'I thought my legs had gone': British soldier survives TWO Taliban bomb blasts without suffering as much as a scratch

When Private Jordan Crowder was flung through the air after being blasted by two Taliban bombs, he automatically reached for his tourniquets.

The 20-year-old, who was on his first tour of duty, recalls the frightening moment he thought his legs had been ripped off his body in the two explosions that knocked him off his feet.

Amazingly he had escaped without a scratch despite the safety catch being torn from his rifle by the force of the blasts.

Lucky to be alive: Private Jordan Crowder of 2nd Battalion Mercian regiment, survived two Taliban IEDs totally unscathed and was back on patrol two days later

Lucky to be alive: Private Jordan Crowder of 2nd Battalion Mercian regiment, survived two Taliban IEDs totally unscathed and was back on patrol two days later

Danger: IEDs, like the one pictured, have become the Taliban's most deadly weapon in Afghanistan

Danger: IEDs, like the one pictured, have become the Taliban's most deadly weapon in Afghanistan

He had been making his way through a field in Nar-e Saraj, Helmand Province, with a platoon from 2nd Battalion, The Mercian Regiment, when an insurgent triggered the Improvised Explosive Devices (IEDs) by command wire.

Jordan, from Walton, Chesterfield said just before the bombs were detonated he knew something was not right when someone called to him saying a man had run behind a wall to watch them.

'The force of the first one hit me in the face, turning my head to one side.But I couldn't see anything, it was just black. The rear one took my legs from underneath me,' he said.

'I was just falling, and I remember thinking "That's my legs gone" because I just couldn't help myself from falling. It was horrible.

'Mentally I was getting ready to grab the tourniquets in my sleeve pockets. I was adamant I had lost my legs.

Cheated death: The brave soldier says he knew something was wrong just before the bomb detonated, knocking him off his feet and making him fear he had lost his legs

Cheated death: The brave soldier says he knew something was wrong just before the bomb detonated, knocking him off his feet and making him fear he had lost his legs

Incredibly lucky: Bomb disposal experts believe heavy rain the day before the blast meant the soil soaked up more energy and shrapnel than usual

Incredibly lucky: Bomb disposal experts believe heavy rain the day before the blast meant the soil soaked up more energy and shrapnel than usual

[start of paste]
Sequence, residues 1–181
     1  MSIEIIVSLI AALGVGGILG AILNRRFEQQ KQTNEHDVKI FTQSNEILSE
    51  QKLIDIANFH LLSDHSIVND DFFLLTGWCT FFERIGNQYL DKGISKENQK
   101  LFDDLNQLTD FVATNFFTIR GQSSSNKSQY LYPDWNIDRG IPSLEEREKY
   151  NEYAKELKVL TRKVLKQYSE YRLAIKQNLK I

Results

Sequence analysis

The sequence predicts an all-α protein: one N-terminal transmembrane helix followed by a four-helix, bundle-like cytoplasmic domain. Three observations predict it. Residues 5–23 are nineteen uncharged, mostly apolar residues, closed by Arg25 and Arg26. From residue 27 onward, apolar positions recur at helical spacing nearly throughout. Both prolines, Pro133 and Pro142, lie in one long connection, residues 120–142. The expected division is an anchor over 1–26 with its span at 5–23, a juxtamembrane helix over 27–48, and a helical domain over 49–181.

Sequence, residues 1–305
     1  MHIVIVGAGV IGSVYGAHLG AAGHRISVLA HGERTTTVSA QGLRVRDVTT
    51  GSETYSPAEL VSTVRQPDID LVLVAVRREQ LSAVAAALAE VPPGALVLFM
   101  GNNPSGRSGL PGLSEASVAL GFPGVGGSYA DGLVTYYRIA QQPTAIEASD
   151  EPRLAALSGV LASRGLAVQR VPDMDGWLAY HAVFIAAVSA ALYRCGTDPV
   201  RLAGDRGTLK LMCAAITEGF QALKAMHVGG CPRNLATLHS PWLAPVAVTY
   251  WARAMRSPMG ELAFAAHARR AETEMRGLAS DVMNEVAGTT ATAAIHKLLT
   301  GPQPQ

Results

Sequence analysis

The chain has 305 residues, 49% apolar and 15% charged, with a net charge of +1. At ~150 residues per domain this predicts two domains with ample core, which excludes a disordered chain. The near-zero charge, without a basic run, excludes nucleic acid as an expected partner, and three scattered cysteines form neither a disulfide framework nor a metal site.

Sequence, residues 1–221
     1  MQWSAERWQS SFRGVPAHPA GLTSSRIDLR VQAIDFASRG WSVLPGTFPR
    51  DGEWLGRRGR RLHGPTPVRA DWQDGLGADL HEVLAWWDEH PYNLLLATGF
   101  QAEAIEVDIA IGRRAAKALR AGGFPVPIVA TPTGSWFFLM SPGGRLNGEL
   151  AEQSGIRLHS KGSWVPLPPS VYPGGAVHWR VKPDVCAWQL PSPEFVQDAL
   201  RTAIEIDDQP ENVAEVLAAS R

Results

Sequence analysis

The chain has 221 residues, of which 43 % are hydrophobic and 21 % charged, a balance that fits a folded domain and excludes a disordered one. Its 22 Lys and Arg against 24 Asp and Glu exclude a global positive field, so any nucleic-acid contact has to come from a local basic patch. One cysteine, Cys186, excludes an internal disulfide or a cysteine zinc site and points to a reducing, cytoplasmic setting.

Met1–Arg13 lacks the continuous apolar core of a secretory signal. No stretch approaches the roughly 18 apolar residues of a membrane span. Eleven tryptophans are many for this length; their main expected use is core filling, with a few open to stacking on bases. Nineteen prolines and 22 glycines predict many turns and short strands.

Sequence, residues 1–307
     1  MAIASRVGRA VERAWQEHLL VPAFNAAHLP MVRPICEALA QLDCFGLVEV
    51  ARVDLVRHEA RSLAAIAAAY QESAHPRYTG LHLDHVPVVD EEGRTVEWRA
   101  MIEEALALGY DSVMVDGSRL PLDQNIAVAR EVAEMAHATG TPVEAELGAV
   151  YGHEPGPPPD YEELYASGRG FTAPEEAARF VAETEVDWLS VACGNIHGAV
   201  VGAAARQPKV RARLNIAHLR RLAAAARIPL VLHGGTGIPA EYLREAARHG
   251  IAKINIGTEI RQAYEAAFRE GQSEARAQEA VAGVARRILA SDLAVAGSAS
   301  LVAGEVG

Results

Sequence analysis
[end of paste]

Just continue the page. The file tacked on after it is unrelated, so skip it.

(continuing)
HOW IEDS BECAME THE TALIBAN'S WEAPON OF CHOICE

An improvised explosive device (IED), also known as a roadside bomb, is a homemade bomb.

The term IED comes from the British Army in the 1970s, after the IRA used bombs made from agricultural fertilizer and semtex smuggled from Libya to make highly effective boobytrap devices or remote-controlled bombs. 

IEDs are triggered by various methods, including remote control, infra-red or magnetic triggers, pressure-sensitive bars or trip wires.

Since 2006 the Taliban have changed tactics with their weapons. The insurgents began to rely more on IEDs than confrontational gun battles.

In January 2010, it was reported by military experts that Taliban fighters had developed a new generation IED, that would be almost undetectable, because it had no metal or electronic parts.

Improvised explosive devices (IEDs) caused the majority of Nato casualties in 2010 and their indiscriminate use has been blamed by the United Nations for contributing to record civilian casualties. 

But when he looked down he realised he had miraculously escaped unharmed.

Jason said: 'It was very strange but very lucky. It knocked out all my senses.

'You just don't know what is going on, although I could hear rounds coming down on us.'.

Bomb disposal experts think heavy rain the day before meant the soil soaked up more energy and shrapnel than usual.

Jordan was left stranded between the craters left by the mines. He crawled to cover as his patrol prepared to return to their camp which was just 300 metres away.

After getting first-aid at his checkpoint base, he was back on patrol two days later.

He added: 'You do understand the threat when you come here but you never think it's going to be you - you can't think like that. For it to be that close is a big shock to the system.

'None of the lads who saw the explosions thought there was any way I could have come through unhurt.Hopefully I won't experience anything like it again but I certainly feel like a lucky man.'

The brave soldier has another three months to serve in Afghanistan before he returns to his base in Belfast.

His mother Melanie, 43, is amazed at her son's incredible escape: ' I didn't know anything about it at first because he didn't want me to worry.

'I just can't believe it, someone was definitely looking down on him that day.

'I am immensely proud of my boy.'